Nadine is a byproduct of today’s teenagers. Industry legend James L. Brooks (”Terms of Endearment,” “The Simpsons”) read the first draft of Craig’s script and urged her to meet with teens to inform the characters’ emotional cadence. Craig, 36, then spent six months interviewing and observing high schoolers across the country. Despite the advent of social media, she realized nothing about growing up had changed since she graduated.
“I stepped foot back on a high school campus, and immediately every emotion I had came flooding back, just the insecurity and the awkwardness,” she said. “The hang-ups all had to do with the same hang-ups everybody always had: feeling judged, feeling like you’re scared to let your guard down and be your true self, that everybody is pointing and laughing, just feeling out of place generally, feeling alone in a crowd.”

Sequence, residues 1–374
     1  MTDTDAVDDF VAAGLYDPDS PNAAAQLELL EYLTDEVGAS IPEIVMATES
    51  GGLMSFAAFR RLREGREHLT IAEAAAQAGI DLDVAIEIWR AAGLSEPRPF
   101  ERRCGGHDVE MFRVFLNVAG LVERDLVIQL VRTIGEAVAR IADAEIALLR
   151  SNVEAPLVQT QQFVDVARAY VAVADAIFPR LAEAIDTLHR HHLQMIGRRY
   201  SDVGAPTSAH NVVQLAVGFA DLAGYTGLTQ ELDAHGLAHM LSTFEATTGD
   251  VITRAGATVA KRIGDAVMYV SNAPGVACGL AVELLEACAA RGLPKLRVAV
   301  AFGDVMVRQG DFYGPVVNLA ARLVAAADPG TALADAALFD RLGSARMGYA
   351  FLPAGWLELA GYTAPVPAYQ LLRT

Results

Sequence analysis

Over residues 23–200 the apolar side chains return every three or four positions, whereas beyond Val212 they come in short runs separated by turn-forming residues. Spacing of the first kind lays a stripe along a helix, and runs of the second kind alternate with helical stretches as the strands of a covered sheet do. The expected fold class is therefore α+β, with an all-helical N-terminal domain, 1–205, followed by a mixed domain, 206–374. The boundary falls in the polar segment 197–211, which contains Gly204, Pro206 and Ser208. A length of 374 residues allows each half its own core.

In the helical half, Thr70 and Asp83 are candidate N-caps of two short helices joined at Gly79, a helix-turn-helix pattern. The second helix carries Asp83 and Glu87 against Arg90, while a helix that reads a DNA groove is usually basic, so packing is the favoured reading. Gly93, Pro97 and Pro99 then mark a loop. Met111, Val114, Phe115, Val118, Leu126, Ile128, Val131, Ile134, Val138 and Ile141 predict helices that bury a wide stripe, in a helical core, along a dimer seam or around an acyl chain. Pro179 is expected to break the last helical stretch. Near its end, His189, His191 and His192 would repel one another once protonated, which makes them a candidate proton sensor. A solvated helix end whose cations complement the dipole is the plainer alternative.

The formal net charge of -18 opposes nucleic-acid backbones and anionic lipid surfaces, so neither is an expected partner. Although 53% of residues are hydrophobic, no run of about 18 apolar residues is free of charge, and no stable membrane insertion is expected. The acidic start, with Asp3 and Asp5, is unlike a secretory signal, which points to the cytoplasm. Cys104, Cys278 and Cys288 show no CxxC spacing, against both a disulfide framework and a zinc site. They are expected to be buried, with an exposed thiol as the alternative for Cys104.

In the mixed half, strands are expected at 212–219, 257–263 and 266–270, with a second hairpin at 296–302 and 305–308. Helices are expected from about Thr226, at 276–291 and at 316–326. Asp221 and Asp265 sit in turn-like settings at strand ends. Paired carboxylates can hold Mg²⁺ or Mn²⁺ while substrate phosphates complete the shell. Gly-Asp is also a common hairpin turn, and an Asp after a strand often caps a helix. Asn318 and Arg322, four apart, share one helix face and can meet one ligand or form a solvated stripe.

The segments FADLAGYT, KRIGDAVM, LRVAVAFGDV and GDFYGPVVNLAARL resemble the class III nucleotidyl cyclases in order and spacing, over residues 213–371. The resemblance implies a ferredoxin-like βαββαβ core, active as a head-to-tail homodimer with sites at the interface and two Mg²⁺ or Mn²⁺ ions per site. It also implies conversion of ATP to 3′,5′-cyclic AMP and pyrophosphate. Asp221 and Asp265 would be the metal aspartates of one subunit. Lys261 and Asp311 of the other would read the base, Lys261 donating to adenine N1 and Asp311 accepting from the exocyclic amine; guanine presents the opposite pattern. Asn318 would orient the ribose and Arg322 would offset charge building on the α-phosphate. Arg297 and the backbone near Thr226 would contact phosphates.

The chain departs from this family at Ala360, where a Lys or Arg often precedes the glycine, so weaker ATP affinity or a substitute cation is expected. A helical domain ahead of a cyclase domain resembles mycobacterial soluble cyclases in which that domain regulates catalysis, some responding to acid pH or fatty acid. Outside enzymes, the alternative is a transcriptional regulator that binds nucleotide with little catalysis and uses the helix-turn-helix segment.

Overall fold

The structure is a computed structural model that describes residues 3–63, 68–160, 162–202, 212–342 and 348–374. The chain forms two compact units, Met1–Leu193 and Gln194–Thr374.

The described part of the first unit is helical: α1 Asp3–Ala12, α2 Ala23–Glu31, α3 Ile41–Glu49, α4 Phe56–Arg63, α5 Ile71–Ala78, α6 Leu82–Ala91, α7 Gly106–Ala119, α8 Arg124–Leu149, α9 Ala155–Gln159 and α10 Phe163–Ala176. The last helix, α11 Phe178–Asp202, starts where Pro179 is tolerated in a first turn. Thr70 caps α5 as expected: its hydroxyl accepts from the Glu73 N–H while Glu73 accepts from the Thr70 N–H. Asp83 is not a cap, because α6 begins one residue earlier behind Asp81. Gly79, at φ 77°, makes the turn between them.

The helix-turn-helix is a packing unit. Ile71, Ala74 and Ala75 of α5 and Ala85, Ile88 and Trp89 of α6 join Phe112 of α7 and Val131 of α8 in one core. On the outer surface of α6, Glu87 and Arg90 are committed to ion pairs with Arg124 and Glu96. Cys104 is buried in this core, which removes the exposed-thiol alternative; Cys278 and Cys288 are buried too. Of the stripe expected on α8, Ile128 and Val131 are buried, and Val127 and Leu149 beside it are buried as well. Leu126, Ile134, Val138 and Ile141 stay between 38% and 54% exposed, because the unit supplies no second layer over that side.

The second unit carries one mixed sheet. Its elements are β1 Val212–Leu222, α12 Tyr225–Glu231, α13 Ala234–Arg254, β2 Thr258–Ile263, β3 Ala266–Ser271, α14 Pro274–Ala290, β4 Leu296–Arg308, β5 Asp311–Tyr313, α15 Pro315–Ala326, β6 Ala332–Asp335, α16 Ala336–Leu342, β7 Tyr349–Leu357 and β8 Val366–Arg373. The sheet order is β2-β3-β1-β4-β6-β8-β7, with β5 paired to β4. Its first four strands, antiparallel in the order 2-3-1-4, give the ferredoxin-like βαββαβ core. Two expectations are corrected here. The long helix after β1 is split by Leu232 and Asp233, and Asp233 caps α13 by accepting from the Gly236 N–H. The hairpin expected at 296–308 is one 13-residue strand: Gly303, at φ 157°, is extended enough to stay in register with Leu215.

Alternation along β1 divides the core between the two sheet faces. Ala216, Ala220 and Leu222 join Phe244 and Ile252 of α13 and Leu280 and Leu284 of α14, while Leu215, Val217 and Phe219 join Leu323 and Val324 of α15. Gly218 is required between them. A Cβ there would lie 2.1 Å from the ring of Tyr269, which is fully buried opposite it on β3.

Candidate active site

So, Craig revised the script, hoping to capture the spirit of “Say Anything…,” “The Breakfast Club” and “Swingers.” She also hoped the experience would prove more encouraging than her previous film. The screenplay for the 2009 romantic comedy “Post Grad,” starring Alexis Bledel, bears Craig’s name, but, in her eyes, the results look nothing like what she wrote. Studios doing what they please with scripts is a common Hollywood anecdote, and that realization convinced Craig to try to direct the next project herself.
“It’s definitely incredibly painful to see something that you’ve worked really hard on and fallen in love with, and then it’s not what you had envisioned,” she said. “I think the big learning thing for me there is just that movies require such an exacting hand.”